This week the Grand Prix in Tel Aviv takes place for the first time in Israel, but how has judo developed as one of the best sports in this small country? We look into the history with Alan Abrahamson who gives us an insight of the history of Israelian judo that started at the Olympic Games in july 1992 where Israel won two medals by Yael Arad, silver U61kg and Shay-Oren Smadga men U71kg.
Since that breakthrough in Barcelona in 1992, judo has arguably become Israel’s national Olympic sport. Israel has won, in all, nine Olympic medals, five are in judo. Two of those five came at the Rio 2016 Games, both bronze, Yarden Gerbi in the women’s under-63 class, Or Sasson in men’s +100kg.
Israeli judo athletes Sagi Muki, Tal Flicker and Peter Paltchik were each born in 1992.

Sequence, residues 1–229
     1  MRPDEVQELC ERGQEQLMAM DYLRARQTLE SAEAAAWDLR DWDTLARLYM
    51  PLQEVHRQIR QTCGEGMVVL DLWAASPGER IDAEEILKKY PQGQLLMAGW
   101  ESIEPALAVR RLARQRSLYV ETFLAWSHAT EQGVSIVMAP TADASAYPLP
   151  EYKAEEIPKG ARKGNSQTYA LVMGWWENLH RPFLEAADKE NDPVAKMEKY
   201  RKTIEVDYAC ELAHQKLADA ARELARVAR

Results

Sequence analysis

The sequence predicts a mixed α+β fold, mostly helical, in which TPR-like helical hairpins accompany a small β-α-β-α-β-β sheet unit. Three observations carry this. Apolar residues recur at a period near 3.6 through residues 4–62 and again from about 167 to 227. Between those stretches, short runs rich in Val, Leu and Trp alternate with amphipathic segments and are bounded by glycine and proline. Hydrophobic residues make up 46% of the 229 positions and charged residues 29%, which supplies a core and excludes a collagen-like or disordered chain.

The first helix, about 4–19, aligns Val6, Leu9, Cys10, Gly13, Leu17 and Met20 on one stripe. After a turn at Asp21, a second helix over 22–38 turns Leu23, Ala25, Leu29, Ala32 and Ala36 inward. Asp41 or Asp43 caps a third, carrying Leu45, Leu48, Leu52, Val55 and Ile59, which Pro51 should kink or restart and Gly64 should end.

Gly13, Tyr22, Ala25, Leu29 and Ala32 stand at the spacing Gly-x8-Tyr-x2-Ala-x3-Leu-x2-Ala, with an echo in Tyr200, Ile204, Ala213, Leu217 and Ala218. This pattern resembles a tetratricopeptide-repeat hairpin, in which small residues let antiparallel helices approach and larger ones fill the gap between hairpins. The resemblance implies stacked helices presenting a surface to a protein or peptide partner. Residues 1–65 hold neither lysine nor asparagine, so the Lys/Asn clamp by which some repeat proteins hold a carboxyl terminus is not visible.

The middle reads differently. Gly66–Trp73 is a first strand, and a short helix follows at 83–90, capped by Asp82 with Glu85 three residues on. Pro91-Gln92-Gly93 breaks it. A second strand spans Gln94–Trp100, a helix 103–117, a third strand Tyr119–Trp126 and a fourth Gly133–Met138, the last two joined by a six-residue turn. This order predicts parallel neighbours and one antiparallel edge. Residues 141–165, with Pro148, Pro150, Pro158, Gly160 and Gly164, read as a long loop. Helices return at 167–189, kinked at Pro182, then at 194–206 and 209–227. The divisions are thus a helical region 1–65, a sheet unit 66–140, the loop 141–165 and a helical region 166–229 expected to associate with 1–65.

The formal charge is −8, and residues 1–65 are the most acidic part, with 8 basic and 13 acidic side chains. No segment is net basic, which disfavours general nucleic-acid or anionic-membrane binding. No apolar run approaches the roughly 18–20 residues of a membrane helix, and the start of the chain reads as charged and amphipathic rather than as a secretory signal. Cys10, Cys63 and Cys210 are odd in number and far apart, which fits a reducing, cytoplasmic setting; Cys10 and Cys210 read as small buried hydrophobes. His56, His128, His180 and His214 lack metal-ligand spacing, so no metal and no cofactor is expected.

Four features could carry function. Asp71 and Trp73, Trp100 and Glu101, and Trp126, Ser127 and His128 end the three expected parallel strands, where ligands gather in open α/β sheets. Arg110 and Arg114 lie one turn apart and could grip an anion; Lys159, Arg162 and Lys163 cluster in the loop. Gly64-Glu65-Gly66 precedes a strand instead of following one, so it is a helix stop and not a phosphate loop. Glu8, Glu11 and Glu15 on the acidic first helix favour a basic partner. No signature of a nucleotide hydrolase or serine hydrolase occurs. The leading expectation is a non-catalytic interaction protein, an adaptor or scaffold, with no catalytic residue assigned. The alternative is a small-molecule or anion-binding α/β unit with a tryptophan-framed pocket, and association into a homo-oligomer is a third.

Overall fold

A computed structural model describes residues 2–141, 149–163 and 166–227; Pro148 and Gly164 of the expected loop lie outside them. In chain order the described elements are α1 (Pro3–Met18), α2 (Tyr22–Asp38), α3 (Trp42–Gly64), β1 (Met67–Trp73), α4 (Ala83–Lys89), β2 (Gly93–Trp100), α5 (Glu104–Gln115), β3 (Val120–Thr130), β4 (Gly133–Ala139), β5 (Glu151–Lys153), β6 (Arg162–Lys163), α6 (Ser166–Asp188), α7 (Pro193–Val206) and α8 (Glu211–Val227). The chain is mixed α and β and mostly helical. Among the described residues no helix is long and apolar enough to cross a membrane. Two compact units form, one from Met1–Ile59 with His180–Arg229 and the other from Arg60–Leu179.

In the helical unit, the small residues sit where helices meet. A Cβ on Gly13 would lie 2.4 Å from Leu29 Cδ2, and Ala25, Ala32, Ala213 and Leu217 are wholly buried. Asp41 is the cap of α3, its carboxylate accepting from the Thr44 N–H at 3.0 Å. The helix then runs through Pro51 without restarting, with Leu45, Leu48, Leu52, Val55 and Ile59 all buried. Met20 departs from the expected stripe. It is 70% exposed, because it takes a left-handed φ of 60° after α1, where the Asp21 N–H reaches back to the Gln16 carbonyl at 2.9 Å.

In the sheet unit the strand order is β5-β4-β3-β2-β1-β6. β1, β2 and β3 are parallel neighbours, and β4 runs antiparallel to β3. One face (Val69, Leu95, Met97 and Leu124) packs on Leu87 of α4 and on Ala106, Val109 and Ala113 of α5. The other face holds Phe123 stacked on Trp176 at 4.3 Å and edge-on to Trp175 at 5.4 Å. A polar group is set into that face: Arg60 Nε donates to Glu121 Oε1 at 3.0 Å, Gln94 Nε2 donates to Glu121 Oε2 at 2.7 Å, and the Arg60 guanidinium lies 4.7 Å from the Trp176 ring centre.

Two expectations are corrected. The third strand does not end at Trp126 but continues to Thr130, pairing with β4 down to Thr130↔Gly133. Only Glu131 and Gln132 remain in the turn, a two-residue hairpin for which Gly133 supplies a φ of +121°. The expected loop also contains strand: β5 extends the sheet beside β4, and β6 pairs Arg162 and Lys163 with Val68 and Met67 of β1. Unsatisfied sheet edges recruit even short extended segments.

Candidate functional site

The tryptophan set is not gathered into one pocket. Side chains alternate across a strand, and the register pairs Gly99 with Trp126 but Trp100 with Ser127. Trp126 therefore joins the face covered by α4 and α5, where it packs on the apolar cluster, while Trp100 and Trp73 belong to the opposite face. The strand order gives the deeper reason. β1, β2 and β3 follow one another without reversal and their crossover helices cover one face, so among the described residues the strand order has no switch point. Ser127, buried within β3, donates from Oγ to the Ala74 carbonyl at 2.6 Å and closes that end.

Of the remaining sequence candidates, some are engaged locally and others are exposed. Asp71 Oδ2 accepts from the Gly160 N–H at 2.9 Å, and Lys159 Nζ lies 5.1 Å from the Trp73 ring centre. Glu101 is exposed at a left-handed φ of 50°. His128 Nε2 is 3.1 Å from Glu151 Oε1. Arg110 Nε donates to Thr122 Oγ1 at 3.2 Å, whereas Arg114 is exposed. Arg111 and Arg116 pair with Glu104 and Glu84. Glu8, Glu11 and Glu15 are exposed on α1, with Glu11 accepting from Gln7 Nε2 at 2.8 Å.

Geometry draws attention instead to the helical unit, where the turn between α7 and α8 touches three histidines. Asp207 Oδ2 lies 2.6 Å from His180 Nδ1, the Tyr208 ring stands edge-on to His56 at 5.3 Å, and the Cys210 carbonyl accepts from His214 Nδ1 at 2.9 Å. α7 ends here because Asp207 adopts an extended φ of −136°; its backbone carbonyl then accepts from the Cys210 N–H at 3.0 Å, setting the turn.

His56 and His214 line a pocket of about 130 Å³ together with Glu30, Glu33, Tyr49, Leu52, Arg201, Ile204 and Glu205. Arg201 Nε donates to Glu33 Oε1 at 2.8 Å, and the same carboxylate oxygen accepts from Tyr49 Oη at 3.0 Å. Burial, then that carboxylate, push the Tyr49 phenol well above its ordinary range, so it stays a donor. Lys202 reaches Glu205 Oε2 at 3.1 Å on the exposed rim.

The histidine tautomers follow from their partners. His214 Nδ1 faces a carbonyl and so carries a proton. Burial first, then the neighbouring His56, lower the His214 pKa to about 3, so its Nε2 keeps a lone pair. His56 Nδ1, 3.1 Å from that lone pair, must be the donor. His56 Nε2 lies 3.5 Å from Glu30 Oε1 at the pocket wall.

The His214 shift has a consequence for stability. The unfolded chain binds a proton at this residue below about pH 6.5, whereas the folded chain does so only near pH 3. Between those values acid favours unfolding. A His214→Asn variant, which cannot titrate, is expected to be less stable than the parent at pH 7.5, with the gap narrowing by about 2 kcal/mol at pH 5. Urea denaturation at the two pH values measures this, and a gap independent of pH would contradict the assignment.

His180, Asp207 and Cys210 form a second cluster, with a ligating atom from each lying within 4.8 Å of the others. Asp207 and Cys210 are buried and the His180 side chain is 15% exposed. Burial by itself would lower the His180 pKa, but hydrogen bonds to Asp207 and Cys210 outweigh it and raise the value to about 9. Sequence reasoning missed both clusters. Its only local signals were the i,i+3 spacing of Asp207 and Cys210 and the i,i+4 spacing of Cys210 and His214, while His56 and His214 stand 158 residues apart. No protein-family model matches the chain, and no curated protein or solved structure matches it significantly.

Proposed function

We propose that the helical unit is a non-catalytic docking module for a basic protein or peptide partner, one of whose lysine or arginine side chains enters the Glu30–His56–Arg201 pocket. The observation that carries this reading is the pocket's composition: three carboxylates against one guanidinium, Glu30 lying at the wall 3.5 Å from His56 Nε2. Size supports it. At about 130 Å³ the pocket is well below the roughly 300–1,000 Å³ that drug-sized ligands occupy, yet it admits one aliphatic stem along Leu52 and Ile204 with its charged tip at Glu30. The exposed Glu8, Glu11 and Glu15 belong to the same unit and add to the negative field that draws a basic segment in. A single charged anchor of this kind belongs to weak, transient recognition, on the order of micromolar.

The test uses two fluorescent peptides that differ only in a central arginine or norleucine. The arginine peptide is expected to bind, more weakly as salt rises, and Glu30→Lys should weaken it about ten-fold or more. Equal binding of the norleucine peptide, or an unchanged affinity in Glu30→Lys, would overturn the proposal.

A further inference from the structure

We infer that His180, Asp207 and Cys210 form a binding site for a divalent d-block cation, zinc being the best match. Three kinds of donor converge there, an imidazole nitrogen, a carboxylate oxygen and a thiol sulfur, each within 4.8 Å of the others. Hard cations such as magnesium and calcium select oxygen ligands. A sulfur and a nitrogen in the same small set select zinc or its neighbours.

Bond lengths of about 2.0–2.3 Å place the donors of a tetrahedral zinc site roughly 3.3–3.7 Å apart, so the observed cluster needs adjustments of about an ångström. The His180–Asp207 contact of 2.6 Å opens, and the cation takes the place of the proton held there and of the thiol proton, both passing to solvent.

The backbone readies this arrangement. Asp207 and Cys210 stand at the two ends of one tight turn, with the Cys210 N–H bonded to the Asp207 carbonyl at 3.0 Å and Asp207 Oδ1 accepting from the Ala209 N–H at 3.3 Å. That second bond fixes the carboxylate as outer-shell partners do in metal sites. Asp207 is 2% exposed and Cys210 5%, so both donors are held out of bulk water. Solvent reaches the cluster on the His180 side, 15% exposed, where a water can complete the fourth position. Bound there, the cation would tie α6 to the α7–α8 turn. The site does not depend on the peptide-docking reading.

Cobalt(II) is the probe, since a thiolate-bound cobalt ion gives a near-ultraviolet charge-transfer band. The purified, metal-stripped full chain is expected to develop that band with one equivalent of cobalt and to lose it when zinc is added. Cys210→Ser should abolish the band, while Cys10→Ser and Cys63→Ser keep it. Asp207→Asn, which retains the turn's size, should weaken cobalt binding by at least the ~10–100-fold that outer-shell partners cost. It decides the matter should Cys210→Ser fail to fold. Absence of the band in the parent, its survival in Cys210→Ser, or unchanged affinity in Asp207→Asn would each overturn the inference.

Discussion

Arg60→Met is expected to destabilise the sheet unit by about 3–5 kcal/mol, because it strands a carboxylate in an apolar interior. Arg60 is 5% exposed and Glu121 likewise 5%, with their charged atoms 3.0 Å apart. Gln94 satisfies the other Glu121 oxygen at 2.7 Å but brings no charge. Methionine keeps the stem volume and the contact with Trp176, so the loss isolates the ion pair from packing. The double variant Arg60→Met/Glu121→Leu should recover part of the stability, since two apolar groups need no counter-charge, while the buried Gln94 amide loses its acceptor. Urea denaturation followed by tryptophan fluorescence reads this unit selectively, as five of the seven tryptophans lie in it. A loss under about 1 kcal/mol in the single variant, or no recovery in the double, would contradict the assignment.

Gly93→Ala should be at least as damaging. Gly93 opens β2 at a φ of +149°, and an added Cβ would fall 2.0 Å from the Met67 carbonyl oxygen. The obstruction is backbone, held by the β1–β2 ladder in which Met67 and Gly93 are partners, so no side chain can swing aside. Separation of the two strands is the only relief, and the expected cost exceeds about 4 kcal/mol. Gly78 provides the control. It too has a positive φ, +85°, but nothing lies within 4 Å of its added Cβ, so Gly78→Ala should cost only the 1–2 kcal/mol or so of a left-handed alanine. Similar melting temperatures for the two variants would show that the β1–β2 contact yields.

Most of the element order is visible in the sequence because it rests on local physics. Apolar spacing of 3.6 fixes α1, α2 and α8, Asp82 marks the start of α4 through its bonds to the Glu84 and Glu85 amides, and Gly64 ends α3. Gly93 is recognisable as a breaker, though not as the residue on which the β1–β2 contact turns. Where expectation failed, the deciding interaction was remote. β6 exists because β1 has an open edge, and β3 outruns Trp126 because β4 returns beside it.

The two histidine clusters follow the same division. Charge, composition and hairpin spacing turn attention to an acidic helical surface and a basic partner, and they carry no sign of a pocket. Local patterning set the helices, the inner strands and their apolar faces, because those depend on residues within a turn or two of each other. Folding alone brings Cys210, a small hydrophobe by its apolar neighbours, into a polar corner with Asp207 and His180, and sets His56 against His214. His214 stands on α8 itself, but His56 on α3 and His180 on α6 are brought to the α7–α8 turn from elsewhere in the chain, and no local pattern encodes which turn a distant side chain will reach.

Muki is a 2015 and 2018 European champion and the No. 1 seed here this week at men’s U81kg. Flicker, in men’s under-66, won three meets in 2017 and was bronze medalist at both the 2017 world championships and 2018 European tournament. Paltchik is world No. 3 at men’s U100kg and also this week’s No. 1 seed.
“Their parents sent them to judo because judo was famous,” and judo was famous because of 1992, said Oren Smadja, who along with Yael Arad won Israel’s first-ever Olympic medals at those Barcelona Olympics — in judo. He won bronze, she silver. She was 25. He was 22. It was 20 years after 11 Israelis had been kidnapped and murdered at the Games in Munich.
“My father,” Smadja said, “he brought judo to Israel. Ponte,” meaning Moshe Ponte, who is now head of the Israeli judo federation, “is a student of my father. Ponte was my coach. Now I am the coach,” of Muki, Flicker, Paltchik and Sasson, among others.
“I have a lot of memory. I have a lot of experience. All together it makes the judo.”